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Reducing Your Aviation Costs

by David Wyndham 1. November 2004 00:00
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It is nearing the end of the year, and for business and commercial operators, you know what that means! No, not updating your fantasy football team, it means budgeting for next year! While the overall economy is turning around and many companies are doing better financially, there is still a lot of pressure (and with good reason) to keep costs under control. Here are a few ideas.

First off, you can't control what you can't measure. How do you track your costs? We've worked with operators who only have a few categories of costs. They typically find it hard to manage their costs effectively with a few large-dollar categories. Those we've helped set up with more detailed accounts find it easier to manage and control their costs as they have the detail needed to understand their costs. Once you know where your dollars are flowing, then you can begin to examine ways to reduce those costs.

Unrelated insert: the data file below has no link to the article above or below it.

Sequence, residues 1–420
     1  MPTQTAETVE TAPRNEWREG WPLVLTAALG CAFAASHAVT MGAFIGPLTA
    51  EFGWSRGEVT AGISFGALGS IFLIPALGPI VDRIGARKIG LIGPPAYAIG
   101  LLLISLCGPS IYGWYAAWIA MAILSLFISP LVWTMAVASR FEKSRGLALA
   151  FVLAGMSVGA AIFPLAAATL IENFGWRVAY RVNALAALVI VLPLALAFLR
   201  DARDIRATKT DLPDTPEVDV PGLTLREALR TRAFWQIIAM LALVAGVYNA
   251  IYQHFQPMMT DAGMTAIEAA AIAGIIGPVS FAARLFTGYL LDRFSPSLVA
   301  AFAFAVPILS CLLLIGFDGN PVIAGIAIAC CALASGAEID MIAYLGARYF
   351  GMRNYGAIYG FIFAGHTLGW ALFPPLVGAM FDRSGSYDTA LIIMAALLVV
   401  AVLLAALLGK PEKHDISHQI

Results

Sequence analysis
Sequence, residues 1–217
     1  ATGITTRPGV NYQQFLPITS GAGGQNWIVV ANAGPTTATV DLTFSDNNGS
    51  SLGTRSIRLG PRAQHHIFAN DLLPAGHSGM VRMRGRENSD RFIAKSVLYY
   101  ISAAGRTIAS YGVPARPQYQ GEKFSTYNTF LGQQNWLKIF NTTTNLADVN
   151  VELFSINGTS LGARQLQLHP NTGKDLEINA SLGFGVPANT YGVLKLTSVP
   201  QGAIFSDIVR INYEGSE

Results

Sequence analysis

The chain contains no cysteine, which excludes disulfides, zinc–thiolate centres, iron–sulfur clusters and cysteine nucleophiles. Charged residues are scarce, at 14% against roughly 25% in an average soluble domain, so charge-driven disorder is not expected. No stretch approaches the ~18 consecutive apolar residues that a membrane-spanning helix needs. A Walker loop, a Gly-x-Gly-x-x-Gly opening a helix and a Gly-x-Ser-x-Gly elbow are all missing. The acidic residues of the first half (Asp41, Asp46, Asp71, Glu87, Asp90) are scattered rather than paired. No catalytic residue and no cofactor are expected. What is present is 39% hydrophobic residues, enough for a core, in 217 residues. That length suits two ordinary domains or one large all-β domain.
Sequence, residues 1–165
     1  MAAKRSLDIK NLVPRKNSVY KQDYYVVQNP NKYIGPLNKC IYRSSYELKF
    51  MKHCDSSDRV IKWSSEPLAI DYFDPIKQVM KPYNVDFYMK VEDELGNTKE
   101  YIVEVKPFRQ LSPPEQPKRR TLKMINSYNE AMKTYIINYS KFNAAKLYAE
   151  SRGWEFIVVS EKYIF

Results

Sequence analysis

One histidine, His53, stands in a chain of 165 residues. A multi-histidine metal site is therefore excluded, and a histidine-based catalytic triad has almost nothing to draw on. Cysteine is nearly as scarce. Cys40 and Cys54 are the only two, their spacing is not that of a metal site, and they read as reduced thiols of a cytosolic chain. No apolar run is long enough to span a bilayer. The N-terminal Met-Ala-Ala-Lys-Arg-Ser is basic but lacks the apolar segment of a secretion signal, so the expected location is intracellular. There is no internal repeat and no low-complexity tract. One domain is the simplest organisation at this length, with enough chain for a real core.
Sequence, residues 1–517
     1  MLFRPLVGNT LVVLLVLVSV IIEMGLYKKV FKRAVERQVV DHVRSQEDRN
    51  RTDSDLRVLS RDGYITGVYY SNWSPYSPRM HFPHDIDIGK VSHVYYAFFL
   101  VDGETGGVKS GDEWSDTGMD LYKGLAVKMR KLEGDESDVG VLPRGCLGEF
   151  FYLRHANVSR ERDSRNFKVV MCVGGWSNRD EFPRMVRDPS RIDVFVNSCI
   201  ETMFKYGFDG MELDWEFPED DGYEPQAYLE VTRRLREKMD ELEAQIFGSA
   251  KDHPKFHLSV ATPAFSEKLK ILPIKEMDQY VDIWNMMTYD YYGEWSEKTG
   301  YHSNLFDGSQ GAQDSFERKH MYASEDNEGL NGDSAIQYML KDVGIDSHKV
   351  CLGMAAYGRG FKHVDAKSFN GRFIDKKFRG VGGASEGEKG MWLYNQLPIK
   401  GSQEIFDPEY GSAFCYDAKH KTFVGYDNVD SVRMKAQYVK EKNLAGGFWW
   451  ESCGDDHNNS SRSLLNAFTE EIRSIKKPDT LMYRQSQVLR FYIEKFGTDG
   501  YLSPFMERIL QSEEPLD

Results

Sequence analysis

I'll hit the easy one first. Fuel. Even though when adjusted for inflation, fuel is still a relative bargain, it amounts to somewhere around half of your variable operating cost. Work with your FBO's to arrange for fuel discounts. If you don't ask for a discount, you won't get one! Shop around for prices and take advantage of fuel discount programs when they make sense for your operation. Even five cents per gallon savings will add up.

If you can get a good price at home, tankering fuel is an option. Be careful and do your home work. Carrying extra fuel increases your weight. At a higher weight, it takes longer to climb to your cruise altitude and requires higher fuel burns at altitude. Thus, your average fuel consumption will increase. As an example, tankering an extra 1,000 pounds of fuel in a mid-size business jet will consume about 250 pounds more fuel for a three-hour trip. Make sure the cost saved exceeds the cost of carrying the extra fuel.